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Will Iran’s military really divest from business holdings?

Despite its complex challenges, the Iranian military’s planned divestment from the economy holds the potential for more transparency and accountability.
Iranian soldiers march during the annual military parade marking the anniversary of the outbreak of its devastating 1980-1988 war with Saddam Hussein's Iraq, on September 22,2017 in Tehran.
President Hassan Rouhani vowed that Iran would boost its ballistic missile capabilities despite criticism from the United States and also France. / AFP PHOTO / str        (Photo credit should read STR/AFP/Getty Images)
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A significant recent development in Iran’s attempts to liberalize the country’s investment climate was the announcement by Defense Minister Ali Hatami that military organizations have been tasked by Supreme Leader Ayatollah Ali Khamenei to divest from "nonrelated" economic activities. Al-Monitor recently discussed the implications of this instruction, especially the fact that it will be difficult to find buyers who are prepared to invest in assets that have been controlled by military organizations over the past two decades. In this article, we will look at the entities at the core of this process and try to figure out what scenarios could emerge over the next few years, especially how the ownership structures could change.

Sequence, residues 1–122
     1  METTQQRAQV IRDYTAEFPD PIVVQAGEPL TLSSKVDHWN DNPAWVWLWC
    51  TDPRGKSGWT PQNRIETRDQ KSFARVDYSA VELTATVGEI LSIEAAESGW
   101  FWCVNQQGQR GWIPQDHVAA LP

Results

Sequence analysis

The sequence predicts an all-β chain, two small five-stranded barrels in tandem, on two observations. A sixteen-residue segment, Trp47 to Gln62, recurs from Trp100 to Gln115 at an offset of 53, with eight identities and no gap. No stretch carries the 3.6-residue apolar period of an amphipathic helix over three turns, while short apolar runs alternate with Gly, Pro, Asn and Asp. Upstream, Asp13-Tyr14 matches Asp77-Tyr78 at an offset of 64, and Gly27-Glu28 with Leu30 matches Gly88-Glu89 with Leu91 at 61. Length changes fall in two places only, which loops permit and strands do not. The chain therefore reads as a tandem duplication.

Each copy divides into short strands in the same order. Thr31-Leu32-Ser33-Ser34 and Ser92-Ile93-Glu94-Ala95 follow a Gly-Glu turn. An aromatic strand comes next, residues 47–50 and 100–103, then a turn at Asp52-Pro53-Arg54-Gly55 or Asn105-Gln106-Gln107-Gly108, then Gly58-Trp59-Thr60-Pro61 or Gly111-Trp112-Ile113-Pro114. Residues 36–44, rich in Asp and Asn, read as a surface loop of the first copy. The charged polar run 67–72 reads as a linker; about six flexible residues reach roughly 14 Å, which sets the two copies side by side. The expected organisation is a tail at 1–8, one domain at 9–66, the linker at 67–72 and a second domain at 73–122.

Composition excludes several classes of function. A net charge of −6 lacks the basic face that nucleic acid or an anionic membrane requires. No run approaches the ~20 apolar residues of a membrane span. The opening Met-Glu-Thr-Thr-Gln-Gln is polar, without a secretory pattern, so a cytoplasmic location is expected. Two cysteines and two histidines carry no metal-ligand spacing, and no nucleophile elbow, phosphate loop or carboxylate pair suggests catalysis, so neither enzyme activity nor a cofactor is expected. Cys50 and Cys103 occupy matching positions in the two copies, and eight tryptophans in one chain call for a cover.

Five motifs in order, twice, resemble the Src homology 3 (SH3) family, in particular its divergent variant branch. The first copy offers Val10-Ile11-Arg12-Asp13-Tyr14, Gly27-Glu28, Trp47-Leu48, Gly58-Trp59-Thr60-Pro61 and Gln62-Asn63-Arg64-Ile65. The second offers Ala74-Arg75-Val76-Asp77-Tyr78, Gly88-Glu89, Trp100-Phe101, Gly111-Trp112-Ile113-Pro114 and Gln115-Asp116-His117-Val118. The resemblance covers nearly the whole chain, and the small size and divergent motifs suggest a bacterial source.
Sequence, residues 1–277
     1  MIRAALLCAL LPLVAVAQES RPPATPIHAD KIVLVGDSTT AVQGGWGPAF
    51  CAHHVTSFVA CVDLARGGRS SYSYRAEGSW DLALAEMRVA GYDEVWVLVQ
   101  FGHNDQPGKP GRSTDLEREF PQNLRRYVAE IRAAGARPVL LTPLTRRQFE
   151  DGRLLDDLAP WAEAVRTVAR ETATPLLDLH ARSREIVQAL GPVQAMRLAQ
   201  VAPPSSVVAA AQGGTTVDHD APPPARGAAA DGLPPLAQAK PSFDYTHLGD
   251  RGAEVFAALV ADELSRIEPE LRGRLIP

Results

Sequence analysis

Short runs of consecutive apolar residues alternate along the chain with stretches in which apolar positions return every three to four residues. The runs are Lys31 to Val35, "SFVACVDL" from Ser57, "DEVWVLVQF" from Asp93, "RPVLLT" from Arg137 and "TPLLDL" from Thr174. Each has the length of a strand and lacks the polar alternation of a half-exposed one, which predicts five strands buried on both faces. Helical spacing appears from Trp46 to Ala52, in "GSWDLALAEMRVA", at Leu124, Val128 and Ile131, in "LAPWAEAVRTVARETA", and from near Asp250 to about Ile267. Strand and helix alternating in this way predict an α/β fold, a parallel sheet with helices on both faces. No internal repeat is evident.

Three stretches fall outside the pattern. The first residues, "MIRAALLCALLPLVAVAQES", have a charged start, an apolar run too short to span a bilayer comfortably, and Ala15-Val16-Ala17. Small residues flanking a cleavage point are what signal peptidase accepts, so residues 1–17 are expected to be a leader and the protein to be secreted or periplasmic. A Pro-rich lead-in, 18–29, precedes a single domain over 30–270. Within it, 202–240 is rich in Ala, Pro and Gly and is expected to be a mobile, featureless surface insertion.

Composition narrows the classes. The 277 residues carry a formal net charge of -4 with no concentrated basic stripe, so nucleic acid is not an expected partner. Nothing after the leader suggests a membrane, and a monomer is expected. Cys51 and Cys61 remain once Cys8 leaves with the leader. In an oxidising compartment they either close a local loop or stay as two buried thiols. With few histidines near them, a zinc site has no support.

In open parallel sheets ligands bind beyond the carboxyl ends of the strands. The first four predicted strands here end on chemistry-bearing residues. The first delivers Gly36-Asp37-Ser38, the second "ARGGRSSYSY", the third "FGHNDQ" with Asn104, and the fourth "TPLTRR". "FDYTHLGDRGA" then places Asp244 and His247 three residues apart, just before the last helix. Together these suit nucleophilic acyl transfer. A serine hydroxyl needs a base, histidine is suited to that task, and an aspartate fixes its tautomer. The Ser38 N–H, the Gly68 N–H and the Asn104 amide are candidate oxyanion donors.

Focusing on the military owned enterprises in Iran and the assumed process of divestment, there will be two core questions: What can be described as “nonrelated” activity, and which owners within the military sector would be compelled to divest their assets. There is a lot of ambiguity on both levels.

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